The knot is the term for speed used by the aviation and shipping industries. Sometimes abbreviated as KTS, the knot is measured in nautical miles per hour, and should not be confused with speeds given in miles per hour. The nautical mile differs from the statute or conventional mile by approximately 796 feet. The nautical mile, or one arc minute, is based on the circumference of the earth divided into degrees and minutes. Distances and speeds described using the nautical mile are more relevant to map-reading than distances and speeds that utilize the conventional mile.

Multiply the wind speed given in knots or KTS by 1.15 to obtain the equivalent speed in miles per hour (MPH). For example, a wind speed of 6.0 KTS is equivalent to a wind speed of 6.0 x 1.15 = 6.9 MPH.

Divide the wind speed given in MPH by 1.15 to obtain the equivalent speed in KTS. For example, a wind speed of 10.0 MPH is equivalent to a wind speed of 10.0/1.15 = 8.7 KTS.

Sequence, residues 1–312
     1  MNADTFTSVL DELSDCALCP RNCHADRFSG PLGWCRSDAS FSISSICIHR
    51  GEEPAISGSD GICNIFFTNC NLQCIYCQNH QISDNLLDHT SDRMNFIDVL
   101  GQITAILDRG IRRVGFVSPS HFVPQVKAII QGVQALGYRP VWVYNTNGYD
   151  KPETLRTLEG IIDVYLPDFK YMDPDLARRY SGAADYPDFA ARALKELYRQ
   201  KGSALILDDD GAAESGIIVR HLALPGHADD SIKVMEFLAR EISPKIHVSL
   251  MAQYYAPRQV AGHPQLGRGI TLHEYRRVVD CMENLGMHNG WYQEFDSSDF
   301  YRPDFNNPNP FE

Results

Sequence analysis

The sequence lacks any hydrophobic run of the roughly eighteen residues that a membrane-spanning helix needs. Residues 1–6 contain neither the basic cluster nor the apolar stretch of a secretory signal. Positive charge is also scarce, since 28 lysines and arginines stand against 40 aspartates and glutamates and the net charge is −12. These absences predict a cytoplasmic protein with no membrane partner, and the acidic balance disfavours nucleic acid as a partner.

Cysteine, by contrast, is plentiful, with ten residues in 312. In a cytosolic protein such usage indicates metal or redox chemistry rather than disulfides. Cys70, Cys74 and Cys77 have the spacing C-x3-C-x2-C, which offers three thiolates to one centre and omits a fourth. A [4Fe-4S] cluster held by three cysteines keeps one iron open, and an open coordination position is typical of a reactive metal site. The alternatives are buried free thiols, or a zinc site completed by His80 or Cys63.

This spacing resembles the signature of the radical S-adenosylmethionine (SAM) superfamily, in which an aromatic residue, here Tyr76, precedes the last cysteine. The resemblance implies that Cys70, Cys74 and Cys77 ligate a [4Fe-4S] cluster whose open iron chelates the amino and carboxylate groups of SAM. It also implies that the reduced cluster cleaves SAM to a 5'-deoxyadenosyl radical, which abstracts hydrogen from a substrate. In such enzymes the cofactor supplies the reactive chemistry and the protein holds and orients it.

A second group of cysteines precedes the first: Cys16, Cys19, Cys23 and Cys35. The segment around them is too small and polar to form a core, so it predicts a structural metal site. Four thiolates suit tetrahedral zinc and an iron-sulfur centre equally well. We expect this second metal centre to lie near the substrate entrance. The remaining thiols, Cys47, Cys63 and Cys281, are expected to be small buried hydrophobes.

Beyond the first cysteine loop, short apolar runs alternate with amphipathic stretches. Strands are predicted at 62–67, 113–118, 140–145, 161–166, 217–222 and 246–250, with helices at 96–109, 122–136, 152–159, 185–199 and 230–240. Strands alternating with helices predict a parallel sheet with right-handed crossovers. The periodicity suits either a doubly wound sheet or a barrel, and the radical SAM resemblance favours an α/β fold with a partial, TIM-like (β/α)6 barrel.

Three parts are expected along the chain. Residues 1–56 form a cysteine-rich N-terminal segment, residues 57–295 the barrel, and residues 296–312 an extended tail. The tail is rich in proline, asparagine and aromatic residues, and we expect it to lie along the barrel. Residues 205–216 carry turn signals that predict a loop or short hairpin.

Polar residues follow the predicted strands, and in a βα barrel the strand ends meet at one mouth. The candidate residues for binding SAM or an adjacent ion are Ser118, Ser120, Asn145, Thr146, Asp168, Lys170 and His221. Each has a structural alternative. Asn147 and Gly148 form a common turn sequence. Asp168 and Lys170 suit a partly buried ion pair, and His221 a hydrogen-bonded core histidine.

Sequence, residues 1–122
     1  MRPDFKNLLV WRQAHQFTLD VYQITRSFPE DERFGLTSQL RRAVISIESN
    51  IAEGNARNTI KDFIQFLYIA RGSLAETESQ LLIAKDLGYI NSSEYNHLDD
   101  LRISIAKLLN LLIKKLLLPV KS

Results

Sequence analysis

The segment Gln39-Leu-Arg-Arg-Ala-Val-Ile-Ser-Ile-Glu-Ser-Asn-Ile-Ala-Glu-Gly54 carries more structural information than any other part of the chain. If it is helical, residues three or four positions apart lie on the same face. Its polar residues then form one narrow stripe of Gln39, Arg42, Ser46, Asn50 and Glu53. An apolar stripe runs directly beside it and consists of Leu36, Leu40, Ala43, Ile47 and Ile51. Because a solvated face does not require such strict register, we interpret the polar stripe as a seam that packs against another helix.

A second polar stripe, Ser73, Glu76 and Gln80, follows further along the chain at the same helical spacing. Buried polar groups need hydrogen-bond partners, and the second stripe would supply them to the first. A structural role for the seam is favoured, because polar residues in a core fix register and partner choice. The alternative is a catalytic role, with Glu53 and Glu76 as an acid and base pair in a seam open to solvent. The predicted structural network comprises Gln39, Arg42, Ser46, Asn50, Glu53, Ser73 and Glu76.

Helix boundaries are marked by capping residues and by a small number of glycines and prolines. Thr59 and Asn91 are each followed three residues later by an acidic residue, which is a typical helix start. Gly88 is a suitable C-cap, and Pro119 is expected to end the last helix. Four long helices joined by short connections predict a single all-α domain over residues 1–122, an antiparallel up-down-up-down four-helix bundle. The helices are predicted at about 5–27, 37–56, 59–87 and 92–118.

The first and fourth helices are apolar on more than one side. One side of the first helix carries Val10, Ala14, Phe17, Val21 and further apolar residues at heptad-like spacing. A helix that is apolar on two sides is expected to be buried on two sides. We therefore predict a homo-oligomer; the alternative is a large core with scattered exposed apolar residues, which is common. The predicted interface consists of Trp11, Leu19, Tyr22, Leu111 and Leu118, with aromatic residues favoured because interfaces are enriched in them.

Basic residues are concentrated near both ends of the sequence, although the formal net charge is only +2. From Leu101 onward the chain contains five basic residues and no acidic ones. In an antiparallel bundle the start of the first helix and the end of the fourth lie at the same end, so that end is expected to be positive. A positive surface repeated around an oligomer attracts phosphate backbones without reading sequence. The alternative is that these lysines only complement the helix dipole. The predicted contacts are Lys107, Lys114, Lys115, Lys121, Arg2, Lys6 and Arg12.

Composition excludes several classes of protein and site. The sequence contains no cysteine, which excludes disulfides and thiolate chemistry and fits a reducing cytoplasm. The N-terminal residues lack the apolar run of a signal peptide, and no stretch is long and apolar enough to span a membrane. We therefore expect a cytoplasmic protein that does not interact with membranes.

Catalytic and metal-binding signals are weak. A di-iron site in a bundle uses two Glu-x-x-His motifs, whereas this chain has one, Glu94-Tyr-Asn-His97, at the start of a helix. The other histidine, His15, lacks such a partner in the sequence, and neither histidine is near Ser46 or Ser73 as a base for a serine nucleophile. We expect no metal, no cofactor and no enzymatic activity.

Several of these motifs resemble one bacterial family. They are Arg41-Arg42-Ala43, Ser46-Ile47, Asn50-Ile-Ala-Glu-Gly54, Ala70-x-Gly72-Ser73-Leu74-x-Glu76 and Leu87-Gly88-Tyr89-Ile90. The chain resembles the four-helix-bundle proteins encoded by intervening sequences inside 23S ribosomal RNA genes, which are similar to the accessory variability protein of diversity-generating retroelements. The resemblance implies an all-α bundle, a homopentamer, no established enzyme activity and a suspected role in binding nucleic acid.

Compare wind speeds with the same units. For example, a wind speed of 6.5 MPH is slower than a wind speed of 6 knots, because 6.5 MPH is equivalent to 6.5/1.15 = 5.7 KTS, which is less than 6 knots.

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Pearl Lewis has authored scientific papers for journals such as "Physica Status Solidi," "Materials Science and Engineering" and "Thin Solid Films" since 1994. She also writes an education blog entitled Simple Science in Everyday Life. She holds a doctorate from University of Port Elizabeth.

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